Professional referrals for brokers can bring in your best and wealthiest clients. But the relationships that bring that business with it can be difficult to form, and require effort to maintain.
According to experts and analysts, building business relationships with professionals who share client referrals is one of the most difficult parts of broking. It takes effort, and it takes patience, and it takes integrity. But then it also brings success and premium growth, so it’s worth it.
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So what does it take to get the right people in your network? And why isn’t every agent doing this correctly? We spoke to a few professionals in the field to discover how it’s done right.
Spencer Houldin, president of Ericson Insurance Services in New York, and immediate past-president of the Independent Insurance Agents and Brokers of America, focusses his business on personal lines for high net-worth individuals and families.
His structure of expert referrals and professional connections is “highly successful” for his business – having raised his agency’s written premium from $14 million to almost $30 million in the past six years – but he said other brokers could have success, too, if they’re willing to put in the effort to make it work.
“My business is largely a business-to-business referral business. Most of my business has grown based on family offices, wealth advisors, and accountants having their clients use our services,” he said.
“What most people don’t realize is that personal, property and casualty insurance is part of the overall financial planning [of an individual]. There has to be a coordinated effort between all parties.
“I do not approach it as a referral-source relationship. I approach it as, ‘We’re all here to do what’s best for the consumer’. It’s to the client’s benefit that you bring in top-of-class advisors in all aspects.”
Regularly, Houldin said, he will receive calls from financial advisors or accountants, who will say they want to form a working arrangement, but they insist on “referral fees” or reciprocal referrals.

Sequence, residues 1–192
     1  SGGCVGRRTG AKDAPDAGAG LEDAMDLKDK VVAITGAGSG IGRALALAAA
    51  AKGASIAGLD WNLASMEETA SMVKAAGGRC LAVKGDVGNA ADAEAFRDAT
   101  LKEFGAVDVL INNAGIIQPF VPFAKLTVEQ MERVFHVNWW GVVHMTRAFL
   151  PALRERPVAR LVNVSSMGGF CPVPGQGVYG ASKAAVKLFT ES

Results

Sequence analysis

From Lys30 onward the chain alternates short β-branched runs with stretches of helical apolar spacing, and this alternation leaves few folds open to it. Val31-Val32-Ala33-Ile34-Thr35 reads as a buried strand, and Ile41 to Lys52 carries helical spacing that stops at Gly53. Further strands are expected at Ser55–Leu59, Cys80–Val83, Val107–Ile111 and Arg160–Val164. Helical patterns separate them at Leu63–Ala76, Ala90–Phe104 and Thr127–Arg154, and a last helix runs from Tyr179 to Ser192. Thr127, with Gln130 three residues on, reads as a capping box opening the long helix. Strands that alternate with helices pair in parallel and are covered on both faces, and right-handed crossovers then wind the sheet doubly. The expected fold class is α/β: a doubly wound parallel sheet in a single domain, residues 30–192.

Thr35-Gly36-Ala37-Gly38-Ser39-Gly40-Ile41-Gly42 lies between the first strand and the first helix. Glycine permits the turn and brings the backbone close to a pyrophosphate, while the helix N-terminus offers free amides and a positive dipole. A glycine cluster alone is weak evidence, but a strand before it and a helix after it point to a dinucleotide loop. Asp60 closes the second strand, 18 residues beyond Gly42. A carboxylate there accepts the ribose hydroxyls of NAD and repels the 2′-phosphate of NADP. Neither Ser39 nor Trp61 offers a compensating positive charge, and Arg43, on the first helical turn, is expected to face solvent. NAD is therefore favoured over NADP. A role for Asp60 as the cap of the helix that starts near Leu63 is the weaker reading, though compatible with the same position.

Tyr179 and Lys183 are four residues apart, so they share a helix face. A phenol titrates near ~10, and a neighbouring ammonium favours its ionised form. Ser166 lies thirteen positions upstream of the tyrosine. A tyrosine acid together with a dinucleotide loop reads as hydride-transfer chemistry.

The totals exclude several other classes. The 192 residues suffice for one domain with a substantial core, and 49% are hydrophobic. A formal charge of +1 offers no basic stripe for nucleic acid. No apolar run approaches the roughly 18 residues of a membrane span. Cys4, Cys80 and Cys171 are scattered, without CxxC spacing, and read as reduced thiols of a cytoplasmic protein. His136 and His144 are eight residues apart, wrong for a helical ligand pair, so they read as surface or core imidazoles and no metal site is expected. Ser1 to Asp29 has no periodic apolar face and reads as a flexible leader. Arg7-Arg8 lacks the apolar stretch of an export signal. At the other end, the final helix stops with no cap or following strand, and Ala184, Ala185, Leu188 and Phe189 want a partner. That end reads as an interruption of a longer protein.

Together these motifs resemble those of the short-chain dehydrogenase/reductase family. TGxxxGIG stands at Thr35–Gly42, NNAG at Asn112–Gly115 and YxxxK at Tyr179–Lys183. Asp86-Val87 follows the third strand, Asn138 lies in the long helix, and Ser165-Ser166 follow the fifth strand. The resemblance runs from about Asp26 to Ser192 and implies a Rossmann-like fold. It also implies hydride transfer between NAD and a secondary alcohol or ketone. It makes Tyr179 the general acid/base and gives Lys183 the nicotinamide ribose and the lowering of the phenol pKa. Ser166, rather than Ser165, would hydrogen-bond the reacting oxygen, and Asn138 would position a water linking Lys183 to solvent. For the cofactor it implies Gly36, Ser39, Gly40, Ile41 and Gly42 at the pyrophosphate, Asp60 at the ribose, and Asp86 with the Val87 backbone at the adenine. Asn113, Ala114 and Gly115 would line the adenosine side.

That doesn’t fly with Houldin, though.
“Both of those [options] are non-starters for me … because it dirties the relationship,” he said. “You should be referring me your clients because I’m really good at this little niche that I do, and we’re going to do what’s really good for the client. I make it very clear that the relationship has to be built on the consumer, not on what’s good for you and I as professionals.
“The relationship has to be built around the consumer… it’s not, ‘You scratch my back, I’ll scratch yours’.”
But how do you go about developing those positive professional relationships, where you trust advisors in other fields and where, hopefully, they also trust you to share clients?
Houldin said: “It’s simply networking.” It’s about working with your clients to hear who they trust and listen to in other fields, and making the effort to meet with and understand those professionals – and figuring out if they are, indeed, a good fit for your other clients.
But that’s something brokers aren’t necessarily very proactive about, he said, sometimes just hoping the phone will ring.
“We’re not great, as an independent agency system, with going out and aggressively finding those relationships,” he noted.
“There’s a little bit of complacency with a lot of agents … for the most part we’re busy with our existing clients and busy with a lot of things in our agencies and we never take the time to stop and think about new relationships. We’re on the treadmill.
“It has to be a concerted effort, to find the first ‘in’, and go and have lunch with them.”
In life insurance, there’s a similar interest in building these relationships. The concept spans the industry, but isn’t done enough – or well enough.
Barry Goldwater, at Goldwater Financial Group, in Amherst, MA, said accountants and attorneys were the “big dogs” in the field to connect with.
Meanwhile, it all comes down to creating centers of influence for yourself to generate more professional referrals, according to Julie Littlechild, the founder of Absolute Engagement, who works with financial professionals to design client engagement strategies.
Littlechild, based in Toronto, ON, said relationship building for successful referrals was “an important strategy, for sure.”
“If the goal is to focus on driving deeper client engagement, and to grow client referrals, differentiate yourself – all of which are obvious goals – then this is one of the ways to do that.,” she explained. “And I don’t think insurance brokers are doing this as broadly as they could.”
She added that professionals in financial fields wanted the same thing. But the only way to make it work was out of respect for your client – not just a source of easy income.
“I think it works best when you have more than one [referral partner] and you’re genuinely referring to the right person,” she said. “If it’s treated like a partnership and it’s nurtured over time – it doesn’t happen overnight – then it works.”
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